Amazingly, something from the Episcopal News Service that looks interesting...
February 6, 10 p.m. ET
By Jerry Hames
ENS 012606-1[Episcopal News Service] Martin Doblmeier, director of the critically acclaimeddocumentary Bonhoeffer, says the German theologian’s struggle against Nazismleading up to and during World War II speaks to every Christian today whostruggles with how to respond to evil and to understand at a deep level the costof following God.Dietrich Bonhoeffer, one of the first clear voices to be raised against AdolfHitler and the rise of Nazism, eventually was arrested for his participation inthe resistance and a plot to kill Hitler, imprisoned and at the age of 39executed, just weeks before the war’s end.
“In the world of religion and spirituality, Bonhoeffer is clearly one of themost inspiring writers of the 20th century,” said Doblmeier. “And his life andwork continue to have universal appeal.“Conservative Christians are attracted because Bonhoeffer was so Christ-centeredand Bible-based. The progressive wing of the church is attracted to hiscommitment to social justice. In our language of today, he was a man who notonly ‘talked the talk,’ but walked the walk.”Nazis used religious imageryDoblmeier’s film, which first appeared in theaters across the country in 2004,explores several themes, including how the German church fell in line behindHitler, hoping to regain stature in the new German order. Another shows how theNazis used religious language, symbols and imagery in their rise to power.
One dramatic scene shows Hitler in public prayer, imploring God to bless thecause of the German people. Doblmeier said archival footage with images ofswastika flags flying in churches and pastors giving the Nazis salute wereunforgettable images for him.The film mixes archival footage with interviews with his family, friends, formerstudents and theologians. Bonhoeffer’s words are read by actor Klaus MariaBrandauer (Out of Africa).Archbishop Desmond Tutu recognized Bonhoeffer as a role model for the church ofSouth Africa in its struggle against apartheid. “It’s so easy to be sucked in bythe structures,” said the Nobel Laureate.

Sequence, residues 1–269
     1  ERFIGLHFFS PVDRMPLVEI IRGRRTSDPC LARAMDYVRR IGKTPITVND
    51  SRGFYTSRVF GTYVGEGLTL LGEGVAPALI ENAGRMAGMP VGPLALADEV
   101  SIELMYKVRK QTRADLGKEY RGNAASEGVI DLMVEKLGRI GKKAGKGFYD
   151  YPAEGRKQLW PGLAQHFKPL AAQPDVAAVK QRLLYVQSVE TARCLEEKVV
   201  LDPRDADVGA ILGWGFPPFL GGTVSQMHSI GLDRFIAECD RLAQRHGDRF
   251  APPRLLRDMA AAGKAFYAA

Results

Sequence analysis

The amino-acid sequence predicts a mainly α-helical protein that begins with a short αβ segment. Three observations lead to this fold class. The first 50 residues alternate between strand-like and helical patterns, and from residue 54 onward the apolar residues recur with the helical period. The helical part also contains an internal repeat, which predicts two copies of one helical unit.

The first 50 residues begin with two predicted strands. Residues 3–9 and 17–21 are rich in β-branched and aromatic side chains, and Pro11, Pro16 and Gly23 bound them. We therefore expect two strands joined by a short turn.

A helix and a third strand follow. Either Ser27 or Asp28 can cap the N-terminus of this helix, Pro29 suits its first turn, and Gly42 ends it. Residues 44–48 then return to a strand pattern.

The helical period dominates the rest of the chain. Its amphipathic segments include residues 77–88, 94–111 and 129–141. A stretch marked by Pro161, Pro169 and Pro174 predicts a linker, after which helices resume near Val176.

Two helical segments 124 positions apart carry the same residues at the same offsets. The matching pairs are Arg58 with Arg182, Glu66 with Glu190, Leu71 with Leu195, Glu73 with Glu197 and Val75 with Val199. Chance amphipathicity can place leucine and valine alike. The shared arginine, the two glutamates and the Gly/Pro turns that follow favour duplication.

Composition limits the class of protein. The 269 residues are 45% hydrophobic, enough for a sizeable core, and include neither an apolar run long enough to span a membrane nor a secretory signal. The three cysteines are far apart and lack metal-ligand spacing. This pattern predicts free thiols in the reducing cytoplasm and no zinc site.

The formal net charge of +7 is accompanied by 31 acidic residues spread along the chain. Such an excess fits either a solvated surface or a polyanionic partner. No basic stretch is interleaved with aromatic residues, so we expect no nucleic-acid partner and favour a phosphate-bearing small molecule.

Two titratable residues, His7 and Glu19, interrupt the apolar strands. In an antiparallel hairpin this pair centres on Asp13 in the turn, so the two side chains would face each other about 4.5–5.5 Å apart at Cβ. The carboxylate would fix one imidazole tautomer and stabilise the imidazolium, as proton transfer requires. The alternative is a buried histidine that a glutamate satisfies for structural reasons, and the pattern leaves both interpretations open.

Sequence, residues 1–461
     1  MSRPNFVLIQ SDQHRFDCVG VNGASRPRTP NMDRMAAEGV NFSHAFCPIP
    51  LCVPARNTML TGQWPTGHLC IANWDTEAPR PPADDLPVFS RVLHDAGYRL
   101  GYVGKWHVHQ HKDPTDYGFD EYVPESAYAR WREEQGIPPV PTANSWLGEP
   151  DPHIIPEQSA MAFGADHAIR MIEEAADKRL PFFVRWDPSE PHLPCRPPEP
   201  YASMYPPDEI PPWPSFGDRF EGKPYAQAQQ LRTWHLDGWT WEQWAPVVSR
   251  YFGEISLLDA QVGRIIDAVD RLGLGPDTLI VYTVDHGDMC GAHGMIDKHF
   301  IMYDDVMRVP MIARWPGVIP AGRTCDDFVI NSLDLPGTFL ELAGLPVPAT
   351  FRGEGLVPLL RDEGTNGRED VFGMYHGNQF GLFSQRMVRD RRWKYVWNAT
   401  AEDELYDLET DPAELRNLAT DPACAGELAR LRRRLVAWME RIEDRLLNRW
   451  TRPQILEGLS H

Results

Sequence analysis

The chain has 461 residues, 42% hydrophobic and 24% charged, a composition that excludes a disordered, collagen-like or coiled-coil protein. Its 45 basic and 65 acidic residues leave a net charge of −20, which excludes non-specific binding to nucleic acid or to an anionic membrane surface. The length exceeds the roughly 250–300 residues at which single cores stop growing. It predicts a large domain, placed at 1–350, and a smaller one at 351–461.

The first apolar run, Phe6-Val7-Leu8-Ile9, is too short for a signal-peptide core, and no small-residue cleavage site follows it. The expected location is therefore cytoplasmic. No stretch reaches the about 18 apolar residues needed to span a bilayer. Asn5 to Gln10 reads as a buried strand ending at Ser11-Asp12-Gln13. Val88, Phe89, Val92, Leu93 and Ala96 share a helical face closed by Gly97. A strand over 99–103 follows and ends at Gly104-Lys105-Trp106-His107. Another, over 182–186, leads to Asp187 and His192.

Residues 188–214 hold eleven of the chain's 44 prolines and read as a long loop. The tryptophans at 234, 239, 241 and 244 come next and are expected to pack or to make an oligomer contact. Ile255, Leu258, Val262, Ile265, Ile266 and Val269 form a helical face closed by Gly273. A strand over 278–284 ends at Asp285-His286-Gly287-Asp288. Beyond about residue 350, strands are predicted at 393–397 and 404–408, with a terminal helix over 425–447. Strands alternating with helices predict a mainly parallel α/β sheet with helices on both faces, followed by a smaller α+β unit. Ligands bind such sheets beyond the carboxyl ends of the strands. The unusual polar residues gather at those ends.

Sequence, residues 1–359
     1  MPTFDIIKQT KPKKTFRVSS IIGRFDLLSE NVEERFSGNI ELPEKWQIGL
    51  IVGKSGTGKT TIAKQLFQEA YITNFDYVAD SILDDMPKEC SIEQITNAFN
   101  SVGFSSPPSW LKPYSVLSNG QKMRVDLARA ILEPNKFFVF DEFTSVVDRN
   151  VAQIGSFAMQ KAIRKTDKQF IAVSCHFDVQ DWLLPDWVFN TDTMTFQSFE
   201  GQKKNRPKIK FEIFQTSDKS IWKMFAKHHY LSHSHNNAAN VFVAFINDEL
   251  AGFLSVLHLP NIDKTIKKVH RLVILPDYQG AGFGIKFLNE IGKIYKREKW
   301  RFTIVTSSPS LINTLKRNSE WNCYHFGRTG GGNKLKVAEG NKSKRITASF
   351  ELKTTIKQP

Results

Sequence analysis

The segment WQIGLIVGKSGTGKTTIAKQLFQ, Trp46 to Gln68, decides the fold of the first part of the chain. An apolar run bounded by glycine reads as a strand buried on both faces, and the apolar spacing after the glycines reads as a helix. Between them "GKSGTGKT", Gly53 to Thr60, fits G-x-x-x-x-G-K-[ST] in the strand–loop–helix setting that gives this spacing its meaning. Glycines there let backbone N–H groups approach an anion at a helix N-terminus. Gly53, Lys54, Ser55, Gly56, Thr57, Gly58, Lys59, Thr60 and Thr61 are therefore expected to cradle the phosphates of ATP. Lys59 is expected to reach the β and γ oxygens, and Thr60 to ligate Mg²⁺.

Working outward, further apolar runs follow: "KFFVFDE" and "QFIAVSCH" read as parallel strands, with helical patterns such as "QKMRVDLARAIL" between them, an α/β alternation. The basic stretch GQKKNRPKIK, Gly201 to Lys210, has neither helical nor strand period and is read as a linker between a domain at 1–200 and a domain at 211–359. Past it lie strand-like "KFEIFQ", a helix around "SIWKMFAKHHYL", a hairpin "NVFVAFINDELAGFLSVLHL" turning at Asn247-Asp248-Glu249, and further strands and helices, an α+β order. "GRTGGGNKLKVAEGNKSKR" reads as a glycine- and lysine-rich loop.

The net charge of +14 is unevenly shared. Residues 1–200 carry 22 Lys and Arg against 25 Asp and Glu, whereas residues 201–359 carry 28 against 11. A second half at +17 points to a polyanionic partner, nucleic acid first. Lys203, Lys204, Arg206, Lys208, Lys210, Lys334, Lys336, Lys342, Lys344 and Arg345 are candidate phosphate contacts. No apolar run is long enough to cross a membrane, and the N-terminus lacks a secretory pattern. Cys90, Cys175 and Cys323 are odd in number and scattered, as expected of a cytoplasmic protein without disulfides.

“To be sucked in, too, by a false kindof loyalty and ending up with a false church.”Doblmeier sees the film as a story of faith, he said. “The heart of the story isthis young, brilliant theologian trying to understand what is the will of God inthe midst of a world torn apart by anger and hate. Through his own writings andin books and letters (Cost of Discipleship and Letters and Papers from Prison),and through the eye-witness accounts of his family and closest friends, you canfeel Bonhoeffer’s struggle to understand what God is calling him to do.“He seems to be always questioning himself and his constant prayer is that hewill have the inner strength to what do is asked of him.”
For more on Bonhoeffer and for parish and school resources, visit:http://www.pbs.org/bonhoeffer.html-- Jerry Hames is editor of Episcopal Life.